Kiyoshi’s disdain for Sherlock Holmes is quite entertaining, particularly as he reaches for negative descriptions of the character. While he is not alone in wondering if the great detective is as brilliant as he is usually supposed – some of the criticisms made will be familiar to fans of the stories – I enjoyed them in large part because Kiyoshi seems oblivious to his own similarities with the character. For instance, both are reluctant to have their story retold, both are prone to lethargy followed by sudden bursts of energy and action and so on.

Beyond Kiyoshi and the first victim, Kazumi, however do not expect particularly rich characterizations. Much of the story is told in conversation between the two friends and so there are relatively few opportunities for interaction with other figures in the story. Also, given the high body count there simply are not many characters from that earlier period still around to talk to, meaning that several interviews feel a little peripheral to the main case.

Overall, I feel that The Tokyo Zodiac Murders is an interesting although sometimes challenging read. It has some inventive ideas but the early chapters contain so much information that they sometimes feel hard-going. For those who persevere through that heavy first section, the final destination is clever, original and explained very clearly with lots of diagrams making for a worthwhile read.


Second Opinion

For a second opinion from someone with much deeper knowledge of the impossible crime story check out JJ’s review at The Invisible Event.

Your Turn, Mr. Moto by John P. Marquand

Book Details

Originally Published in 1935 as No Hero (US) and Mr. Moto Takes A Hand (UK)

Mr. Moto #1
Followed by Thank You, Mr. Moto

The Blurb

During World War I, Casey Lee was one of the best pilots around. Known for his boldness and bravery, he was heralded as a hero. But now the war’s over, the Depression is on, and Americans no longer have time for public heroes, leaving Lee washed up and desperate for work. When a tobacco company suggests he fly from Japan to North America, a feat which has never been accomplished, Lee jumps at the opportunity. Unfortunately, the idea is abandoned soon after he arrives in Tokyo, and he receives the news in the midst of one of the daily drinking binges with which he now passes the time.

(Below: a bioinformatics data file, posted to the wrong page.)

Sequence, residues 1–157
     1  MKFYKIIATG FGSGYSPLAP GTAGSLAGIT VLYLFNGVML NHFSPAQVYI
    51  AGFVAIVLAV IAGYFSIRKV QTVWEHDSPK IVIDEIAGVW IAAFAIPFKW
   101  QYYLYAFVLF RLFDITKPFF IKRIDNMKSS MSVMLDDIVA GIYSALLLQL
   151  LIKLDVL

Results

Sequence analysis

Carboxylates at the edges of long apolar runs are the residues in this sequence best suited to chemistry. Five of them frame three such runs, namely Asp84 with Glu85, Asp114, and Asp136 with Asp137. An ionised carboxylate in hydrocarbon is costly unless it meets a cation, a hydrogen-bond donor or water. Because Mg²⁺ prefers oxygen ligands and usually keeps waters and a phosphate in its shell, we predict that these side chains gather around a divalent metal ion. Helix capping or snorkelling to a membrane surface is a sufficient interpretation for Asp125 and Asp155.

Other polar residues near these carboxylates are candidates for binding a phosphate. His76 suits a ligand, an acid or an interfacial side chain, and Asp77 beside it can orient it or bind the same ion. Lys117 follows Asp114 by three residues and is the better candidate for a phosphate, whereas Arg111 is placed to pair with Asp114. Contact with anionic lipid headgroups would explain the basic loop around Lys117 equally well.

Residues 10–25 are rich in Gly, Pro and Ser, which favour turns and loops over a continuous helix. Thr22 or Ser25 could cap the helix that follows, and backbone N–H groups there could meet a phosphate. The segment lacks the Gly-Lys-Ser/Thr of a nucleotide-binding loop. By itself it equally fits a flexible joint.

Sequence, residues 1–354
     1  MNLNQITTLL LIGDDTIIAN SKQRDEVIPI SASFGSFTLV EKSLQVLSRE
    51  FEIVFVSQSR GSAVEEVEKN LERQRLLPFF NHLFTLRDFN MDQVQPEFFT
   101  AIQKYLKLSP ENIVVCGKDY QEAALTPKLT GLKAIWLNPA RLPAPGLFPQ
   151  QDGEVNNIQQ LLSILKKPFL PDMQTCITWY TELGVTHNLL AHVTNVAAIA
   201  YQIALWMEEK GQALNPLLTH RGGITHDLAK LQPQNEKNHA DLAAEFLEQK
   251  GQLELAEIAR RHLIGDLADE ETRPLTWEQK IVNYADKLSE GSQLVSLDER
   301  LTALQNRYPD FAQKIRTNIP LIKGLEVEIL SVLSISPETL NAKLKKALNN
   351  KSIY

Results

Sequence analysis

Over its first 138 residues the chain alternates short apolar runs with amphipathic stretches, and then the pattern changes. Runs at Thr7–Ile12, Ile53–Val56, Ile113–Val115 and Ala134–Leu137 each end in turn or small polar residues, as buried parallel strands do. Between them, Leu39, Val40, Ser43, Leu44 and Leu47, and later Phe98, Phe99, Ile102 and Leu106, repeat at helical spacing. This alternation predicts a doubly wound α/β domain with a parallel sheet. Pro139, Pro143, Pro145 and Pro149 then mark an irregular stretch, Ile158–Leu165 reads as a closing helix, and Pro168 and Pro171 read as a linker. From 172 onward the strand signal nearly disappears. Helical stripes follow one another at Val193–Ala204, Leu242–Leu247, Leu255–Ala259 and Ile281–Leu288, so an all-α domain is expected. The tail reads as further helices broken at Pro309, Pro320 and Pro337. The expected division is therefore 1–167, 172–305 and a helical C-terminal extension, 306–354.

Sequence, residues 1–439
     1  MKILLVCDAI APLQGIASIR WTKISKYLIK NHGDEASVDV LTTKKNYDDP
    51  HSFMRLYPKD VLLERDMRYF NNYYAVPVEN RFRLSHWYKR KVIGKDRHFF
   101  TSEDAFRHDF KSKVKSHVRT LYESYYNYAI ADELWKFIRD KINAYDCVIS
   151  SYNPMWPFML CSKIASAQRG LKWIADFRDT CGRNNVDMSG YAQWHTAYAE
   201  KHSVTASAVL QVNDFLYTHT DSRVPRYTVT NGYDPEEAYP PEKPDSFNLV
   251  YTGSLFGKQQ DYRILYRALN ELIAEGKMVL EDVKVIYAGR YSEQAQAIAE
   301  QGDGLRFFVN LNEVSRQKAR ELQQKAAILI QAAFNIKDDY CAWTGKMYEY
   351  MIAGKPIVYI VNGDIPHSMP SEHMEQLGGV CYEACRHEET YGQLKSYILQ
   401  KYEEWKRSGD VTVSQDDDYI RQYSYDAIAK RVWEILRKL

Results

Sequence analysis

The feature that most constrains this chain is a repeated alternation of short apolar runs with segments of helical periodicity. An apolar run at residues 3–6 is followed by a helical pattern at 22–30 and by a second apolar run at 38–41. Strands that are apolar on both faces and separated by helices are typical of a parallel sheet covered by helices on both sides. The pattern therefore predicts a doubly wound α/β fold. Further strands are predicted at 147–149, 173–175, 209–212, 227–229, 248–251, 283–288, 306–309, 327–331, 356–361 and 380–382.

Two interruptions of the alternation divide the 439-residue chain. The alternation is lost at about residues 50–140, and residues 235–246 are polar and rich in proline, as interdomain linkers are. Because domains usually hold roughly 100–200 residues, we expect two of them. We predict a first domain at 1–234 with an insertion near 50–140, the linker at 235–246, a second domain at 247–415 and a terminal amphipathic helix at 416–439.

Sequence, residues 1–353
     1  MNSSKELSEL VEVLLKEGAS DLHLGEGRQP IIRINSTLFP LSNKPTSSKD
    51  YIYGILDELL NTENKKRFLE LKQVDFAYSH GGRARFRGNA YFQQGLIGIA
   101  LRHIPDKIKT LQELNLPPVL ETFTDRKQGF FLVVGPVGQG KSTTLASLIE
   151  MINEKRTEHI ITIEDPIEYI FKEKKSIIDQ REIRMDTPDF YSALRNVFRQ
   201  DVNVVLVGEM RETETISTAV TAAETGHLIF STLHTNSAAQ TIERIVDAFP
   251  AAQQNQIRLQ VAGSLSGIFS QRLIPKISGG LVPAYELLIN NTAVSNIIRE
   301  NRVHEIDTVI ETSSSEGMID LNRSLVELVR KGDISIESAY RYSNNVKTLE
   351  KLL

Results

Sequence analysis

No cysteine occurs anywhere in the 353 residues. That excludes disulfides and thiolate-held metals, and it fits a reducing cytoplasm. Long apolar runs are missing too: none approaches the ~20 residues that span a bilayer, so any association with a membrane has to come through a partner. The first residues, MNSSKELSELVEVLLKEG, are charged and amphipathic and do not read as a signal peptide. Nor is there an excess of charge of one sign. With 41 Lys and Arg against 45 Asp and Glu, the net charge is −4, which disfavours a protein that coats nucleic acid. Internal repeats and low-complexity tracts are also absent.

Stranded in a foreign land with wavering loyalty to his home country, Lee has few friends, but his situation changes suddenly when he meets the intriguing Mr. Moto, a Japanese man who takes a particular interest in the down-and-out pilot. By the time he meets Sonya, Moto’s beautiful Russian colleague, Casey has unknowingly entered into a life-threatening plot of international espionage at the service of Japan’s imperial interests ― but will he realize the severity of his situation before it’s too late?

The Verdict

The thriller elements move quickly while the setting is treated much more sympathetically than I expected from a work of this era. While it is perhaps not an essential read, it is certainly an entertaining one.


My Thoughts

American aviator Casey Lee has travelled to Japan under the belief that he will be undertaking a commercial project to fly tobacco across the Pacific. If he could pull it off it would be the first time a pilot had accomplished the feat. Unfortunately he soon learns that the project has fallen through and is preparing to return to America when he is approached by Mr. Moto who asks if he would be prepared to undertake the same project in a Japanese plane.

Soon Lee finds himself travelling by boat rather than air and is surprised to find he is not alone on the ship. Several strange incidents occur during the trip but the most shocking comes when a body is found in his cabin. Finding himself in danger and unsure who to trust, Lee soon realizes that he is caught up in some political games and has to figure out what he ought to do.

While there is a dead body in this novel, I ought to stress that this is really not a conventional detective story or mystery. Rather it has much more in common with the sorts of adventure thrillers you might find from Agatha Christie in this period with an emphasis on incident rather than psychology or even careful clueing.

Casey Lee belongs to that category of thriller protagonists who are sympathetic largely because we are aware that they are caught up in events they cannot control. Still, I think he takes an interesting journey, starting the book as a washed up drunkard and ending it a little more aware of what exactly he wants. He can, at times, be frustrating but I did find myself invested in his fate and hoping he could avoid becoming collateral damage in these political games.

One of the most surprising aspects of the novel for me was how little Mr. Moto actually features in it. While his presence is certainly felt throughout the novel and he is responsible for bringing the protagonist into the adventure, he spends much of the book observing what was happening and takes little in the way of direct action. This reflects that Moto is not a detective – at least not here. He may ask questions and he is seeking an answer but he plays the role of spymaster, recruiting others to do that work for him.